On Saturday night against the Cowboys, Shaun Johnson displayed what can only be described as the most decent consecutive 80 minutes he’s played in the last two years.
He wasn’t spellbinding, but he was solid and putting himself in the game. Should he maintain that type of form and remain injury free, he might just repay the faith the club extended him when they bought him back into the fold. But one thing we know about Johnson is that he’s consistent at being inconsistent – so only time will tell.
The funny thing about criticising Shaun Johnson these days is you’re not allowed to. There’s a growing over-protective section of the league community that are triggered at any hint of his name being whispered in a constructive context, let alone criticised. But don’t worry, I’m not going to bother whispering let alone be constructive, because it’s not as if Johnson or his followers would listen anyway. So, buckle in.
There’s no doubt Johnson loves playing for the Warriors and would love nothing more than to see them playing finals footy this season, or any other. But Johnson is no mug. He knows his playing days are numbered. So, when the Warriors came a calling and looking to mend a broken bridge, it presented an opportunity for both sides. However, last weekend’s game aside, it seems more and more apparent that the only person benefiting from this arrangement, is Johnson.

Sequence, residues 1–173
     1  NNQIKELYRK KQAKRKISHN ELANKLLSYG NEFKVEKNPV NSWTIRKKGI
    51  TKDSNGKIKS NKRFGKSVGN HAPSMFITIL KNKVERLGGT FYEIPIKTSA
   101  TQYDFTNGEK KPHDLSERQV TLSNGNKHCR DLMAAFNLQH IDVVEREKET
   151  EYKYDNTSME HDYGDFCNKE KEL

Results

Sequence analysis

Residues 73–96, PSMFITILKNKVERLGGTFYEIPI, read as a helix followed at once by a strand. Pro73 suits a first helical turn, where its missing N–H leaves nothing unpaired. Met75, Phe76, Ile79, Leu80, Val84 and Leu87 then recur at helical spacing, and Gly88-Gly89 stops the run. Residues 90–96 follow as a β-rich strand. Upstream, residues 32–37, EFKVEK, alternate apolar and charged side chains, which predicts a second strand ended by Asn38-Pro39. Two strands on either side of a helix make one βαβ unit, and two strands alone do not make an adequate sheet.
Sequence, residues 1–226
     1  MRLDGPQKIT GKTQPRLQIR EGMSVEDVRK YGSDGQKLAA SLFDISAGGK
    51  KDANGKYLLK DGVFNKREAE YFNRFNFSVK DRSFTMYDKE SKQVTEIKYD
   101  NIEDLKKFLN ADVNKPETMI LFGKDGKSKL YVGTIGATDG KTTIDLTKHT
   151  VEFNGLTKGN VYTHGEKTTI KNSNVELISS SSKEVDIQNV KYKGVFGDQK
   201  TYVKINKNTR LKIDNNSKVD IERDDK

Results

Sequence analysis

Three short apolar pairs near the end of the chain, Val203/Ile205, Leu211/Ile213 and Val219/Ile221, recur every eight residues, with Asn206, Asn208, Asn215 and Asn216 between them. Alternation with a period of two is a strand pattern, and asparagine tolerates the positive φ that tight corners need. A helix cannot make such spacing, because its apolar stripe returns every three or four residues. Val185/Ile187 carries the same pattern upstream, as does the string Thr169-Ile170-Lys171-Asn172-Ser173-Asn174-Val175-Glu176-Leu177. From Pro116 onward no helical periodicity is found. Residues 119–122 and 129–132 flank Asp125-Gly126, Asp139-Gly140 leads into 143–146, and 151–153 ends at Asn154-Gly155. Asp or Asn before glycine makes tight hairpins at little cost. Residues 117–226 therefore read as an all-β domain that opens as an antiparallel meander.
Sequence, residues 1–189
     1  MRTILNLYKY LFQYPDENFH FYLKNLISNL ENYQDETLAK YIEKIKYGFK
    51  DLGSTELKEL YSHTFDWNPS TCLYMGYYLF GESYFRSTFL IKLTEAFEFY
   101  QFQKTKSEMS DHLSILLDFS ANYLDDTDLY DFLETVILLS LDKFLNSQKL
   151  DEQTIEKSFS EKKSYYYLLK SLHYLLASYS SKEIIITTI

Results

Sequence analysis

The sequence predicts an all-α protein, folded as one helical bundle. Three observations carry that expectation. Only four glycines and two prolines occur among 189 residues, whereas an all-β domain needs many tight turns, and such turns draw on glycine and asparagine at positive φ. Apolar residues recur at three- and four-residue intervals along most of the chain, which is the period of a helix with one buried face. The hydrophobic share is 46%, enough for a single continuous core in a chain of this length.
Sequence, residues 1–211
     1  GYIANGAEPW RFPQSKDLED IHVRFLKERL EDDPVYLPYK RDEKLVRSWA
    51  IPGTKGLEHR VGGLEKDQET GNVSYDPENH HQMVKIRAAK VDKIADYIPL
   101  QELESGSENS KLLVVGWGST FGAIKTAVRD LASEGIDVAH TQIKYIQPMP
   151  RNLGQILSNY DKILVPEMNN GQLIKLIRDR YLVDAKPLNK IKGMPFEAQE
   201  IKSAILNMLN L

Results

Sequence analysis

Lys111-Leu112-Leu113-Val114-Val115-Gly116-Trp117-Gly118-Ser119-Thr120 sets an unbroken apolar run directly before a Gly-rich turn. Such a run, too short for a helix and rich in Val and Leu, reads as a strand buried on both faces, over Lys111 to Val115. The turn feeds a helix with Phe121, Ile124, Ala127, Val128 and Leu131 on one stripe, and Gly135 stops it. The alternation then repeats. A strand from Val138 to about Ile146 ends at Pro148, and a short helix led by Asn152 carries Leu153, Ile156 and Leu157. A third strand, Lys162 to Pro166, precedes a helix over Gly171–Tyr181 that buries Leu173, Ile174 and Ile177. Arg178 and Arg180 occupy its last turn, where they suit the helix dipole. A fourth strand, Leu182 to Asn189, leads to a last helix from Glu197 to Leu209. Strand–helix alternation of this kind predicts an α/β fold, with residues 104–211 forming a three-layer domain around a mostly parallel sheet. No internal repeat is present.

When Johnson acrimoniously departed the Warriors for Cronulla, his image took a battering. Particularly after the subsequent Rugby League World Cup fiasco and his juvenile comments directed at the Kiwis fanbase.
He was not the people’s maverick anymore. The problem was and maybe still is that Johnson doesn’t respect the fanbase because he thinks it is predominantly comprised of the comments section on social media, who are mostly made up of teenagers, trolls, and baby boomers who have learned to use social media to stay in touch with their families, but realised they can also share their opinions there, instead of talkback radio.
Yet Johnson appreciates he will need to keep the home fires burning once he finishes lacing up his boots, and becoming a real estate agent or digging ditches probably doesn’t hold a lot of appeal. So, Johnson would have seen returning to the Warriors as a fantastic opportunity for three reasons: